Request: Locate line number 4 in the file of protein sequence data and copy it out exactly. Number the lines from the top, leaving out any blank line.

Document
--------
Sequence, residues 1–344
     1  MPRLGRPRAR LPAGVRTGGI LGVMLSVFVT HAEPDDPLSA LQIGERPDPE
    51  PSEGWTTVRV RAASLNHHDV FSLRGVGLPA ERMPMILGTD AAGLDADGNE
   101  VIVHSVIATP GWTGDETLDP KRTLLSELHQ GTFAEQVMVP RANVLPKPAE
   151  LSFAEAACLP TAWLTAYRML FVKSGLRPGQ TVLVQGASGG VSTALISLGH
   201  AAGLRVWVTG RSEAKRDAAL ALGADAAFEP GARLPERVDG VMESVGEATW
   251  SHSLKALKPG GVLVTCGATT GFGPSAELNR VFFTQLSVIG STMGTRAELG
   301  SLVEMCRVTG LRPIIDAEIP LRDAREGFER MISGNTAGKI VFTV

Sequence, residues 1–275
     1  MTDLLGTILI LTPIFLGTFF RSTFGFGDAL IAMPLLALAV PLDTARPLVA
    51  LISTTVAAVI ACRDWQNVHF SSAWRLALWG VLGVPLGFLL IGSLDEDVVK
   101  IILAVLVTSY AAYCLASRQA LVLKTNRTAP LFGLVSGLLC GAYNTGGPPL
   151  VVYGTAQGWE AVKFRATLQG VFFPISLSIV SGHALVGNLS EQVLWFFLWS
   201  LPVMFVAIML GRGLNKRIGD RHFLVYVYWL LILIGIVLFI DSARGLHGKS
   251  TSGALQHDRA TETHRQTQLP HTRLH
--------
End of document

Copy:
   101  VIVHSVIATP GWTGDETLDP KRTLLSELHQ GTFAEQVMVP RANVLPKPAE